There are very few areas of our lives that have not been affected by technological innovations. A vast number of people these days use their phones for virtually everything, from staying in contact with friends and family, to navigating a busy city center, to booking flights. So it doesn’t seem out of the question that mobile phones might one day be used as a medium by which organizations could assess job applicants. And it appears as if that day may have already come. A recent study conducted by a team of researchers looked at whether delivering or taking online selection assessments was an accurate indicator that could prove effective for selection purposes.
ISSUES WITH MOBILE DEVICES AS ASSESSMENT PLATFORMS
There are strict guidelines for assessing individuals when those results will be used for selection purposes. But, until now, relatively few studies have rigorously investigated the scientific properties concerning mobile assessment of cognitive abilities. There are numerous issues specific to a mobile phone that could affect an individual’s results, including the size of the screen being used and whether question formats on various devices would be affected by environmental differences. In other words, would two people in completely different locations — such as a bus and a bedroom — have the same chance at acceptable scores? To study the differences, researchers had job applicants take a series of selection tests on various devices. These tests included biodata assessments, a situational judgment test (SJT), multimedia work simulations, and cognitive assessments.
EXAMINING MEASUREMENT EQUIVALENCE
The results of the study were mixed, showing that mobile devices may be an option for certain types of tests, but that there are certain parameters that should be taken note of. For example, cognitive ability tests performed similarly across various devices, but are more effective if they’re not timed, are multimedia in nature and, don’t require much reading comprehension.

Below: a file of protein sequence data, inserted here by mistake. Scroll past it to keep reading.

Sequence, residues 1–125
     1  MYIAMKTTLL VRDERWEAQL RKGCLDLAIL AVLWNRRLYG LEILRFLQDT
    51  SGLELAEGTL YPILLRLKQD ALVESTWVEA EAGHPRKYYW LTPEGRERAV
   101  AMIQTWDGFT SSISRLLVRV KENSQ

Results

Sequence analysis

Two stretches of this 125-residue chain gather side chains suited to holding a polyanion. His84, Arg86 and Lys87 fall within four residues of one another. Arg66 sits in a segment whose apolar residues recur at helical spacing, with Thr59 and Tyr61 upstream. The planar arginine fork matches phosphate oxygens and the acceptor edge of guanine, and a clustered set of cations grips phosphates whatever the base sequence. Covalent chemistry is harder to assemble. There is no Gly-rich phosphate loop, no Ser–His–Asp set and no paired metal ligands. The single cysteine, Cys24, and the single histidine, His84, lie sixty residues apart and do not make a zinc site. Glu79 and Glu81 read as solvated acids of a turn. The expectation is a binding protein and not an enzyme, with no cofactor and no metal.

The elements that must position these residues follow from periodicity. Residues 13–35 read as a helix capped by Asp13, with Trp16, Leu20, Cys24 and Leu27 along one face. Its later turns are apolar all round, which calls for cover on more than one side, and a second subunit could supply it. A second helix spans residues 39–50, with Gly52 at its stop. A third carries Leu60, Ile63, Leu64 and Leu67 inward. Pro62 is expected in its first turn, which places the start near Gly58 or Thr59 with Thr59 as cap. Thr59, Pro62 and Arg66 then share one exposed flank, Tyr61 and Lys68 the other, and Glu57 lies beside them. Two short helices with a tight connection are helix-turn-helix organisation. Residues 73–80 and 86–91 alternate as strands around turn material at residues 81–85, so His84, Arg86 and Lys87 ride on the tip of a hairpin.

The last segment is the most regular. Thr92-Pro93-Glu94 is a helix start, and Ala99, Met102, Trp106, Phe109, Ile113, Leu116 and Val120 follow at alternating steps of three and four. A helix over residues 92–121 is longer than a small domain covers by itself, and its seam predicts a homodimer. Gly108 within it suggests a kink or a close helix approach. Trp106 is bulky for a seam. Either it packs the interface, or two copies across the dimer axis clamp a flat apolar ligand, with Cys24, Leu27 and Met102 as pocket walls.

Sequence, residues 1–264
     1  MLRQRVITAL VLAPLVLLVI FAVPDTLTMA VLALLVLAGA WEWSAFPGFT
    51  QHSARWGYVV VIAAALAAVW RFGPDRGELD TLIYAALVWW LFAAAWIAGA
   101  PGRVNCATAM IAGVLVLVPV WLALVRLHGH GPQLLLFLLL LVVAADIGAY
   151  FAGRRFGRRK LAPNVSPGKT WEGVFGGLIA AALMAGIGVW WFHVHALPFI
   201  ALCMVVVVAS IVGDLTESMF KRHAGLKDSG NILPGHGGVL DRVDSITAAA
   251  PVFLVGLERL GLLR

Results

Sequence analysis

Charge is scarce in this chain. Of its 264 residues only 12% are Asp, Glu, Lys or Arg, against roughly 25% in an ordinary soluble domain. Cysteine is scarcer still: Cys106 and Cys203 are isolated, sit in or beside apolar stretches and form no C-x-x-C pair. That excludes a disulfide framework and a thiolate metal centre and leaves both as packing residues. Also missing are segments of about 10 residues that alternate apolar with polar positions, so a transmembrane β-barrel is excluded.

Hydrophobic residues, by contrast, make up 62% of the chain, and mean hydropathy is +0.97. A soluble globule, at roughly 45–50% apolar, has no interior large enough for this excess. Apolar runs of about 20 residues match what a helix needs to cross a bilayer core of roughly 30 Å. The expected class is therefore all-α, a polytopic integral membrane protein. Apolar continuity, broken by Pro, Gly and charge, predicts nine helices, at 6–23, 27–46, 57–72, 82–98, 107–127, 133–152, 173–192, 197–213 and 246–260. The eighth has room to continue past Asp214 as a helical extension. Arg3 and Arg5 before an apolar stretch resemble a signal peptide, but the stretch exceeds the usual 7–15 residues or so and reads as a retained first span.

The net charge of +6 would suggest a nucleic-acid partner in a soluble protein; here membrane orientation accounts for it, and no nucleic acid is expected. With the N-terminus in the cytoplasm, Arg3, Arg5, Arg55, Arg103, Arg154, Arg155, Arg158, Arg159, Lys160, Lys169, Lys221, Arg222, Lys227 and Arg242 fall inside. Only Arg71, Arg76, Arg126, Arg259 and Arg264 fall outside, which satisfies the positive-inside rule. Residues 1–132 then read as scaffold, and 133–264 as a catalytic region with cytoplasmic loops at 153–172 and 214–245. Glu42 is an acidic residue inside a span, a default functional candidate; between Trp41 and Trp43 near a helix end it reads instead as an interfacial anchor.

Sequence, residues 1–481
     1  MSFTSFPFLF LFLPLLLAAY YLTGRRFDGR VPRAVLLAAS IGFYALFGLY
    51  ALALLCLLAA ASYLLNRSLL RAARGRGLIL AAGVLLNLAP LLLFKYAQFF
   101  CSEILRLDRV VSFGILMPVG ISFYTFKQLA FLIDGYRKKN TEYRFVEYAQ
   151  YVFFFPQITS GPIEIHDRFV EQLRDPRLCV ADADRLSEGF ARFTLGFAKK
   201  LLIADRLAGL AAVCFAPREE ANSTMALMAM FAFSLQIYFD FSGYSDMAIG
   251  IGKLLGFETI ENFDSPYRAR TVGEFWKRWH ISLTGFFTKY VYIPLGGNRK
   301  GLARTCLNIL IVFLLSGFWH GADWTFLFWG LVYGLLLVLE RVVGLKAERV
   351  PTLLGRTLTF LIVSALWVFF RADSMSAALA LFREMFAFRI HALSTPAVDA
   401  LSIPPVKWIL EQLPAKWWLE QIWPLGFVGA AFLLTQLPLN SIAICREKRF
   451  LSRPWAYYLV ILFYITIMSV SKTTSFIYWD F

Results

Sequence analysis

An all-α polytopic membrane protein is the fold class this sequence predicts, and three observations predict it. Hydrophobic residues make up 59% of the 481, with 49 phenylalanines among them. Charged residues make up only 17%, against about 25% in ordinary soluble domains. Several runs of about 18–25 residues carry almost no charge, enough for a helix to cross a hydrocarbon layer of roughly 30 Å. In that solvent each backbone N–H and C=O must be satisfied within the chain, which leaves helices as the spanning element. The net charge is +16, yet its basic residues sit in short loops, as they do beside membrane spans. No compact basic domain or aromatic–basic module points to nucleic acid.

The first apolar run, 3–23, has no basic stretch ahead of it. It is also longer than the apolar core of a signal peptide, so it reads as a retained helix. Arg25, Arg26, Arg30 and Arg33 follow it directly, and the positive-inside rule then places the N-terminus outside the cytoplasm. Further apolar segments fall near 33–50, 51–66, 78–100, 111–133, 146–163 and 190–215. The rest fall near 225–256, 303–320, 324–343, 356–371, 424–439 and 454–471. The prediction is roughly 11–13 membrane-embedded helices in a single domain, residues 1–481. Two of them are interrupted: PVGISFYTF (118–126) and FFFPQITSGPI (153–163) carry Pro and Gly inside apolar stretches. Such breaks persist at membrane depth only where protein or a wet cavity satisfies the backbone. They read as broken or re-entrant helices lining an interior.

The study found that, due to the increasingly good quality of mobile screen resolutions, the benefit an applicant would get in using other devices is greatly reduced. In other words, tests with multimedia work simulation would be a sound option if job applicants are accessing content on their mobile phones. Results are still tentative and require broader research, but offer a promising glimpse into assessment platforms of the future.
Despite the promise shown by mobile assessments, there were certain differences with some tests taken on various platforms. With the SJT in particular, results for applicants on mobiles were lower than for test takers on other devices. The reason is not clear, but it may be due to the excessive scrolling and different reading needs of mobile devices.
THE BIG PICTURE TAKEAWAY
This research is important, both for companies looking to expand the platforms they use and for job seekers wanting an edge over their competitors. The study showed a disadvantage for mobile applicants in some situations, there’s no doubt the differences the researchers found will eventually be narrowed by technological advancements, opening up new possibilities for companies and potential employees alike.